Bernardo H. Naranjo, PhD ’02, is recognized for his work designing and implementing strategies to improve education at public schools in Latin America. Naranjo earned his doctorate in international comparative education at Stanford GSE before returning to Mexico to launch Proyecto Educativo, an organization that works at the state and federal level to help reform low-performing schools.
You grew up attending public schools in Mexico. How did that influence your world view?
I always attended regular public schools in Mexico, the ones that were closest to home. I realized years later that officials at the Ministry of Education considered my high school a “second-tier” public school. I didn’t know that: I was very proud of my high school and had chosen to be there. My classmates were very smart, very talented. But they had low aspirations—many should’ve tried to get into the best colleges but didn’t.
After high school I went on to a Jesuit college known for receiving people from the upper classes in Mexico City. My classmates were good students but didn’t have the same enthusiasm for learning as my former classmates in the “second-tier” high school. When I recognized that, I wanted to understand why it was, why those differences existed. That’s largely why I went into education.
After earning your PhD from Stanford, you returned to Mexico and founded Proyecto Educativo. What is the premise of your organization?
Our work is based on a model with three objectives: First, make sure every child attends school. Second, support them so all of them finish at least high school. And third, make sure every student learns Spanish and math.
When you put those three objectives in the mind of every teacher, principal and public official working in education—and you start to use them as criteria for selecting actions to take—it becomes easier to know where to put your money and easier to follow up on those actions.
We concentrate our resources on the states’ lowest-performing schools, which have the poorest children. We’ve learned that equity is not only a matter of fairness, it’s the most efficient way to improve a school system. We also encourage students, teachers and different schools to collaborate with each other. It’s been amazing to discover the power of social energy in education—people helping people shows the best version of each person.
Our results have far surpassed our expectations. In 2010 the state of Puebla ranked 23rd in test scores out of 32 states in Mexico, which is not so bad considering the state was 29th in socioeconomic status at the time. We began working with them in 2011, and in 2015, for the first time ever, we reached number one. Puebla has held that position for three years.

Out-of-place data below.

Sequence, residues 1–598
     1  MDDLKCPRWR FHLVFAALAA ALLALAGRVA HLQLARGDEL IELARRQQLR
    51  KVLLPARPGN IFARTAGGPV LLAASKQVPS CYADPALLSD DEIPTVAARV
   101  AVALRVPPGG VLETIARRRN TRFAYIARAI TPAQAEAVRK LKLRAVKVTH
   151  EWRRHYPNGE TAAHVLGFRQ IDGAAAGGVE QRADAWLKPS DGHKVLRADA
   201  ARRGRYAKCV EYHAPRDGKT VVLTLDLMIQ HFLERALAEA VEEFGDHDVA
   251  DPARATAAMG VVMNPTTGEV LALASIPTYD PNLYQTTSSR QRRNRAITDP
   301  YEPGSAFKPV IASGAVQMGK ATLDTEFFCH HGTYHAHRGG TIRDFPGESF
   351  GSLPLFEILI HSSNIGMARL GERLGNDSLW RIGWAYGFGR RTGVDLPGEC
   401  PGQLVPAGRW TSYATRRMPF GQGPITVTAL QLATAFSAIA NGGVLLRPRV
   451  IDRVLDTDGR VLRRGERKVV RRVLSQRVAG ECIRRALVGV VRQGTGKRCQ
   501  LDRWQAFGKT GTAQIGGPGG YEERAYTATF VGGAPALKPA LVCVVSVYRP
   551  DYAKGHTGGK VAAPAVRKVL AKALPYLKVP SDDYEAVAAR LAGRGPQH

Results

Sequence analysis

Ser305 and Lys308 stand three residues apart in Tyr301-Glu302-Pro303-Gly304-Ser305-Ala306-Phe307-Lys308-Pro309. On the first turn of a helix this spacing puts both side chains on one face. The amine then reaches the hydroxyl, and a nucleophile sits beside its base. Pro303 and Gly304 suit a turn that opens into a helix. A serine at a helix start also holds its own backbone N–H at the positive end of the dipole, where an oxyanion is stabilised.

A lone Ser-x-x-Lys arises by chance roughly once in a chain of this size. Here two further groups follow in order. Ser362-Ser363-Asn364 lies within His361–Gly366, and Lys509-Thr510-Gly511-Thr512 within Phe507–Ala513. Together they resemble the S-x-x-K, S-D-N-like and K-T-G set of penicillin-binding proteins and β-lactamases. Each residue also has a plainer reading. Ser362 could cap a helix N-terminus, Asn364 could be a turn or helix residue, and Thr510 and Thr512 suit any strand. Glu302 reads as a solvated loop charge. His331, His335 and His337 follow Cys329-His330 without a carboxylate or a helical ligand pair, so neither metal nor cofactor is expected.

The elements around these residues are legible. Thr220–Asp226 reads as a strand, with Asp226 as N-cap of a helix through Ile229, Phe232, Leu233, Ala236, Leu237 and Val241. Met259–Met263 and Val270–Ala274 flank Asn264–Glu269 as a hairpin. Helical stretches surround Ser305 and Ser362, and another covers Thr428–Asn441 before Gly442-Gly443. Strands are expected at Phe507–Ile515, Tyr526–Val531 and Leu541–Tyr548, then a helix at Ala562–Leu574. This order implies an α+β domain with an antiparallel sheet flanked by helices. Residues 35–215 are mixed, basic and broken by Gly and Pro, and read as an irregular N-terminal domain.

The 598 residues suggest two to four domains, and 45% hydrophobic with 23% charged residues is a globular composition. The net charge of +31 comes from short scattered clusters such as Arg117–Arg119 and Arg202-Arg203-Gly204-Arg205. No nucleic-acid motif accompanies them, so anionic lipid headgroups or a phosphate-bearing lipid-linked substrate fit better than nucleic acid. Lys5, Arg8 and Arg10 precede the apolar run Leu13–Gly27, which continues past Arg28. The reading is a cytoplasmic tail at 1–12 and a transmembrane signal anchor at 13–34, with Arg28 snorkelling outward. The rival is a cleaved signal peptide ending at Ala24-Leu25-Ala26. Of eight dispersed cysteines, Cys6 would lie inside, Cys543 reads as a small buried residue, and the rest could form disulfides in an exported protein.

It shows you what’s possible. You can do so much more with the resources you already have.
About 10 years ago, you and two other Stanford alums helped create a graduate fellowship fund for Mexican GSE master’s students. What inspired you to do this?
I think everyone in the educational sector should be committed to helping other people access the opportunity to study. I joined with one of my classmates from the GSE, Lucrecia Santibáñez, and Antonio Argüelles, another Stanford graduate, and we started to visit CEOs from top firms in Mexico to create a permanent fellowship program for Mexican students to attend the GSE. We were also fortunate that at the time, matching funds were available at the GSE to help.
Claudio X. Gonzalez, a Stanford engineering graduate, has a son who has been very involved in education issues here in Mexico; he took us to present the scholarship fund project to his father, who donated the amount we needed. We named the scholarship after him to recognize his generosity.
Each year the fund can send one or two people to Stanford GSE. We now have a nice group who’ve received the scholarship—some are finishing PhDs or still in the United States, but most are back in Mexico working on educational policy. We’re building a community of people who are already creating change in education.
Here in Mexico, I also helped design a new master’s program at a graduate school called CREFAL, founded by UNESCO. It’s a master’s program in learning and education policy. We just started with the first generation last year.
You were just elected to the board of Mexico’s National Institute for Education Evaluation. What do you hope to do in that role?
There are so many possibilities. It happened very suddenly: I was invited by the Minister of Education to be on a short list of three candidates to present to the Senate. I accepted but proposed a deep transformation of the Institute. The Senate chose me. They were ready for change.
It’s a very interesting opportunity because the Institute is completely autonomous. Neither the president nor the Congress can tell the institution what to do. That gives the board a lot of power, but also the obligation to use it in a responsible and effective way.
For more information about the GSE Alumni Excellence in Education Award reception, and to register for this special event, please visit the GSE’s reunion web page.